Motion Detected (2022)

Rating: C

Dir: Justin Gallaher, Sam Roseme
Star: Natasha EscaKey, Carlo Mendez, Roland Buck III, Kimberli Flores

I get the feeling we may see more of this kind of film going forward, operating at the boundary of technology and horror. We’re perhaps at the same point in tech where we were with religion in the seventies. There, questioning its place in our life helped lead to The Exorcist and The Omen. I wonder if similar concerns about the ambivalent and ever increasing role of tech in our lives, will lead to more movies where it becomes the villain? That’s what we have here. A security system appears to develop an agenda of its own, with some malevolent talents to help it achieve those goals. However, the execution isn’t able to get much beyond a well-made Lifetime TVM: The Wrong Burglar Alarm, perhaps. 

Eva (EscaKey) and Miguel (Mendez) have just moved from Mexico City to California, largely driven by her concerns about safety, with a serial killer called El Diablo operating there. The new house became available unexpectedly, but it’s gorgeous and comes with a state-of-the-art, integrated system of sensors, cameras and tech to keep out intruders – coincidentally called Diablo Control. Miguel gets called back to the capital on business, leaving Eva alone, and it’s not long before weird incidents begin to take place. Motion is detected by system around the house, when no-one is there, and Eva is increasingly troubled by visions of a masked figure and a small child, that can appear and vanish at will. Her psychiatrist (Flores) is sceptical, but a neighbour reports odd experiences with the Diablo system too.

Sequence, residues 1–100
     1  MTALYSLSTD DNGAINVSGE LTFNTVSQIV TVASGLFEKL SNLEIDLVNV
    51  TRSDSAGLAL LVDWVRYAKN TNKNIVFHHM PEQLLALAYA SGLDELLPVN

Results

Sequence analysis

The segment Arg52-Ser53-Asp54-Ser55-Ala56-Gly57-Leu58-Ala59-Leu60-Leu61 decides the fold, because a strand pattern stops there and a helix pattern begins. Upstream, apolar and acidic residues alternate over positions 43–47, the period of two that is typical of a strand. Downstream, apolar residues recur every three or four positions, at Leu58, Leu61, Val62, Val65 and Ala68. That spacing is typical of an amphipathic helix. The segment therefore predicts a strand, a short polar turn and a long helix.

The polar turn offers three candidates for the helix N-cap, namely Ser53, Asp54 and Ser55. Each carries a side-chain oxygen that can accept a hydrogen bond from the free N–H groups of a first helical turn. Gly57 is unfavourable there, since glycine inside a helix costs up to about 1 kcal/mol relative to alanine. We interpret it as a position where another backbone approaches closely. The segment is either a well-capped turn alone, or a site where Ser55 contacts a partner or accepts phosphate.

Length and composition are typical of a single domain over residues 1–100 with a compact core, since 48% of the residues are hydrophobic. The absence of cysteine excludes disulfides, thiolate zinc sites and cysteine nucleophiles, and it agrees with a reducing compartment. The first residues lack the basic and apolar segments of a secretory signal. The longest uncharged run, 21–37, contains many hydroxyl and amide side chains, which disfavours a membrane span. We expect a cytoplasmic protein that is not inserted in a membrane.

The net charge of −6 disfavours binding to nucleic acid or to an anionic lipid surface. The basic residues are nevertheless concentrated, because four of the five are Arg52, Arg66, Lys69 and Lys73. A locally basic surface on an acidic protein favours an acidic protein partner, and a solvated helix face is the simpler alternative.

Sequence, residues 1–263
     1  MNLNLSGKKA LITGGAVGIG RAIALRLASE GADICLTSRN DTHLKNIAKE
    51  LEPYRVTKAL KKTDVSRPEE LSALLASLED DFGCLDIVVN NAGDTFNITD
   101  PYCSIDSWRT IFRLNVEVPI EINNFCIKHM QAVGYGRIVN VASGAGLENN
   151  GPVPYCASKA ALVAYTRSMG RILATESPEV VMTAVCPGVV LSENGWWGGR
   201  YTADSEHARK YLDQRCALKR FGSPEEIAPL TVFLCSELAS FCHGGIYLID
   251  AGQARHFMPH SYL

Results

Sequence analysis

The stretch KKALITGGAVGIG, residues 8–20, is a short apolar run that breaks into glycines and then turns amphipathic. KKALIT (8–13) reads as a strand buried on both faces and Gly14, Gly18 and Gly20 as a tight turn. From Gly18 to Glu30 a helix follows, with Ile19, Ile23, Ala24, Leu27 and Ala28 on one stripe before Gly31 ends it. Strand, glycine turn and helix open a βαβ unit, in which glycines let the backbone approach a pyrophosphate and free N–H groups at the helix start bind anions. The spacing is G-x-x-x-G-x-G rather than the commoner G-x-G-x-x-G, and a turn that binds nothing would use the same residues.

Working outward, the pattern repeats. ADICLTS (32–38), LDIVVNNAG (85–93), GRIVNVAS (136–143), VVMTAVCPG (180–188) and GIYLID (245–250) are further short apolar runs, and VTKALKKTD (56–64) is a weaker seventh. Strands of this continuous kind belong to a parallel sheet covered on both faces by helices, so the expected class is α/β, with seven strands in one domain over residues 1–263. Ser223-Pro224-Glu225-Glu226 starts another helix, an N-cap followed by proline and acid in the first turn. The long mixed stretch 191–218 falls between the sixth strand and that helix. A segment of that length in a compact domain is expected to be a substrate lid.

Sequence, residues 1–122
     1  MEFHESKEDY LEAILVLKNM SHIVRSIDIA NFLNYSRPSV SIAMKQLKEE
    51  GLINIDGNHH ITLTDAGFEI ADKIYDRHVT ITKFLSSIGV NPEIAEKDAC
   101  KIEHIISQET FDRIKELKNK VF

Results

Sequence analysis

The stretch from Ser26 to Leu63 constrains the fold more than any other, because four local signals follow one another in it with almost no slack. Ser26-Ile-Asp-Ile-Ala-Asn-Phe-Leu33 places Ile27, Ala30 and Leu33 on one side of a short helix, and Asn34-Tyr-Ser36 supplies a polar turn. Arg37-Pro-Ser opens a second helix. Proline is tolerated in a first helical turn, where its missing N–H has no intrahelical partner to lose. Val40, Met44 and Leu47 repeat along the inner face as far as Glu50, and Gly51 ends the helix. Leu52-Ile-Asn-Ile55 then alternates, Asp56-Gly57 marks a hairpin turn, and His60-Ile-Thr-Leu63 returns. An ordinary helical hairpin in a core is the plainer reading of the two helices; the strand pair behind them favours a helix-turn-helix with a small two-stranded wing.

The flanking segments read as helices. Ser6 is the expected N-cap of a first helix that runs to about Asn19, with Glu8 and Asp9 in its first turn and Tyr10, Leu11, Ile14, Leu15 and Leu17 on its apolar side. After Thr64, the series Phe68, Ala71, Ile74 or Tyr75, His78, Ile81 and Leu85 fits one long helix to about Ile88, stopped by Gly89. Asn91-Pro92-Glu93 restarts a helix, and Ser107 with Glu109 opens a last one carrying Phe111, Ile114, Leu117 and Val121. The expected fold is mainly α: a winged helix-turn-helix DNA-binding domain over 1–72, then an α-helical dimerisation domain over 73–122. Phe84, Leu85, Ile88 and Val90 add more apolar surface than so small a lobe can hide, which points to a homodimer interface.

From a technical point of view, this looks pretty slick, and there’s a good sense of the way Internet forums can cause, rather than soothe, paranoia. Other little things work too, like the way wait time for Diablo customer support is always six minutes, or the slew of online testimonials, all stating it is “the last security system you’ll ever need,” a somewhat double-edged statement. The problems are more at the macro level, beginning with a weird performance from EscaKey. At first it seems she can’t speak English, then does so fluently, switching between the two languages with ease, even if her accent seems to drift across the border.

It’s not very likeable either, coming over as hysterical and increasingly shrill, rather than sympathetically troubled. We did have to wonder, given the escalating weirdness, why she doesn’t just check into a nice AirBNB? The script has too many elements which are either casually discarded red herrings, or not resolved at all. The internal rules are never established well enough, leaving us watching a world where stuff simply happens. Some of it is effective in isolation, yet the overall impact never manages to get out of second gear. You can probably work out where this is going to end, well before it does. Though it’s unlikely to provoke much more than a shrug, whether or not you were able to see it coming.